Everybody talks, or: managing your online reputation.

One of the most important lessons I learned when I was working at Xomba was that you have to be prepared to deal with bad press. On a corporate level or a professional one, if you get big enough, you are going to face people who say terrible things about you, sometimes really loudly and not always to your face. If you don’t have a plan in place (and too many companies don’t, according to this infographic at Adweek), you run the risk of losing business in a very big way.

In order to take care of bad press, however, you have to know that it’s out there. Partly, this means that you need to have a presence in many places on the web, so that you have better reach and more visibility, and, in turn, more ways for people to communicate with you.

More importantly, you have to listen actively to the Internet. This means using tools like PR Newswire’s Social Media Metrics, Google AlertsSocialDonRadian6, and Crowdbooster to keep tabs on articles, blog posts, comments, Facebook pages and Tweets in real time, as they are posted. The Internet sleeps, after all, and a negative post published at 9 p.m. has plenty of time to go viral and be seen by thousands or millions of people by the time you get back to the office the next morning.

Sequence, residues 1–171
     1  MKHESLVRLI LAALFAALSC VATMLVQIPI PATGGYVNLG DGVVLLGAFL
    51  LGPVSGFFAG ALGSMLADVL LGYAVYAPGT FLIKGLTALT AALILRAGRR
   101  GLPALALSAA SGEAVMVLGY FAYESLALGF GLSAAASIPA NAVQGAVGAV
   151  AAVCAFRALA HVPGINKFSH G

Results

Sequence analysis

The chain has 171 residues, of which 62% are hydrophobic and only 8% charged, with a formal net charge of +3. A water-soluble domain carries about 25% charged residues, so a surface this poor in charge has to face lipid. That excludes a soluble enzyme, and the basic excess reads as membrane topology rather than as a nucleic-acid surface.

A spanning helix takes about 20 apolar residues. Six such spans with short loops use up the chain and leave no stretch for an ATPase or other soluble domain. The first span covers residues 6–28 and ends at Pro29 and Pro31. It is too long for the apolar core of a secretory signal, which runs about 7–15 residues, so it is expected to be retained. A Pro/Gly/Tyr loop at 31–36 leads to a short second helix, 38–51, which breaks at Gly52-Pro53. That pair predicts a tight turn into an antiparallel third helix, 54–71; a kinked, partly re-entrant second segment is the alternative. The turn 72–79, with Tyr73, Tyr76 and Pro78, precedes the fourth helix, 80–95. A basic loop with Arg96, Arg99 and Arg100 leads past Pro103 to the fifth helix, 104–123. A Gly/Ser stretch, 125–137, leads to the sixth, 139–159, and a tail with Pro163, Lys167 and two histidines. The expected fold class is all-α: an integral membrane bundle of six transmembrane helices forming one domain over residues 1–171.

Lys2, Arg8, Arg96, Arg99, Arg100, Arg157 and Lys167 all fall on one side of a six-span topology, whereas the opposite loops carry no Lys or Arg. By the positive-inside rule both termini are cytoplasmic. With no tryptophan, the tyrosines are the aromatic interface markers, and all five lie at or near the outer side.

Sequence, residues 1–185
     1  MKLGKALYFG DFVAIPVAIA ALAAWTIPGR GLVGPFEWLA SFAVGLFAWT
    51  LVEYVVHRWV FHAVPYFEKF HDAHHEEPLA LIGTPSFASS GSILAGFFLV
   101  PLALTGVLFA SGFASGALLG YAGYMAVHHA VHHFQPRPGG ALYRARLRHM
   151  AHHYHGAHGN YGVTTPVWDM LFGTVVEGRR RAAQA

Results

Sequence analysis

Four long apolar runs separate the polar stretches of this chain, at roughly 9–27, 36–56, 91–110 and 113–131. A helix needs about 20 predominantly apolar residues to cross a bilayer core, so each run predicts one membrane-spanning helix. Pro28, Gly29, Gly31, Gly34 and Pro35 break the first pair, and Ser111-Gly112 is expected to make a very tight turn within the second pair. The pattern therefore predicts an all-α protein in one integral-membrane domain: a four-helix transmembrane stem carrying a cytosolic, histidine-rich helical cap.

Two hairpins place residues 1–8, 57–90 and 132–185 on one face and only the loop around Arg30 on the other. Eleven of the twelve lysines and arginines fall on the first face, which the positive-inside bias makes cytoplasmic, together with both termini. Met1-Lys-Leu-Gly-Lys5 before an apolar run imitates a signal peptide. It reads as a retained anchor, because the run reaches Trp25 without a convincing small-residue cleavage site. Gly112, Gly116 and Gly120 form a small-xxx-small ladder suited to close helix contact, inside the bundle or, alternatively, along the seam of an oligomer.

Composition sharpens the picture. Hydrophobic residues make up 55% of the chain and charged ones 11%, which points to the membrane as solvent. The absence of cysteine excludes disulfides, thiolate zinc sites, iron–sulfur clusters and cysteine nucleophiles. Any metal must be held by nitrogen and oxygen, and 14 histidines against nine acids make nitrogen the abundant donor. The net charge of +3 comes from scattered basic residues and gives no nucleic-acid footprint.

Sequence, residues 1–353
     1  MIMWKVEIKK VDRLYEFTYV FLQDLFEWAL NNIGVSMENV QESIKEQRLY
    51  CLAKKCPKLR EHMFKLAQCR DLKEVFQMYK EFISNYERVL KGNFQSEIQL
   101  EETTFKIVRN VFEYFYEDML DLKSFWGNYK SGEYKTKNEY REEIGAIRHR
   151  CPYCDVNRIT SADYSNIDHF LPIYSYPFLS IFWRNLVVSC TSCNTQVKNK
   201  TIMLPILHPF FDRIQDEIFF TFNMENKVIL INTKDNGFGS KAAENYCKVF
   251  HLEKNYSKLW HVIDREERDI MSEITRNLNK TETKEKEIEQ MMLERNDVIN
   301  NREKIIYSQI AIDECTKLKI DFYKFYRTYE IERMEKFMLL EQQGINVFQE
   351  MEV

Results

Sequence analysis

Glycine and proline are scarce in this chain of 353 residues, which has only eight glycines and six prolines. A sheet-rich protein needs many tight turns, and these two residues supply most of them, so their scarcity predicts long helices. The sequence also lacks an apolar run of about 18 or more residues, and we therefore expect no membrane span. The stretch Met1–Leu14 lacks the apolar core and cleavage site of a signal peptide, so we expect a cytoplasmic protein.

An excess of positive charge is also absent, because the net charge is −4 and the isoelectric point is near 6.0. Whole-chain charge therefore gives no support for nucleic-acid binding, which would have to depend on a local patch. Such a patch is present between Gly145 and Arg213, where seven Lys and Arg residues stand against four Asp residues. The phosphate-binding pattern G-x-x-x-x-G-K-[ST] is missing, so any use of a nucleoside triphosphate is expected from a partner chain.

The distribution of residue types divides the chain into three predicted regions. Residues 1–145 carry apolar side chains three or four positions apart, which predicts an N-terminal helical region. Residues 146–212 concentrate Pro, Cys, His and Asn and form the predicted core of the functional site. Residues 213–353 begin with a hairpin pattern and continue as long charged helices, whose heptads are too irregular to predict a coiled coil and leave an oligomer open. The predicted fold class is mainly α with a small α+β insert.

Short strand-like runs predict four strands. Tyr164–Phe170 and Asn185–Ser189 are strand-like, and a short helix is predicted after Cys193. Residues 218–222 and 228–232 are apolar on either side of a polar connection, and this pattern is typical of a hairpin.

It’s not just about listening for the bad stuff, though; you also want to listen for the neutral and the positive things being said about you or your company. These comments can show you what you’re doing right and who your customers really are, and they help to put the negative comments in perspective, especially if the negative speech makes up only a small percentage of all that people are saying about you.

Ultimately, handling your online reputation is a combination of working with the press (only “the press” is now made up of millions and millions of highly individual, wildly unpredictable, sometimes terribly vocal people), customer service (a topic I’ve already delved into), and good, old-fashioned listening. It’s time-consuming and challenging, but it’s absolutely necessary.

How do you keep track of your online reputation? Do you disagree about the necessity of online reputation management? Can you think of an example of a brand that failed to adequately address negative social media?

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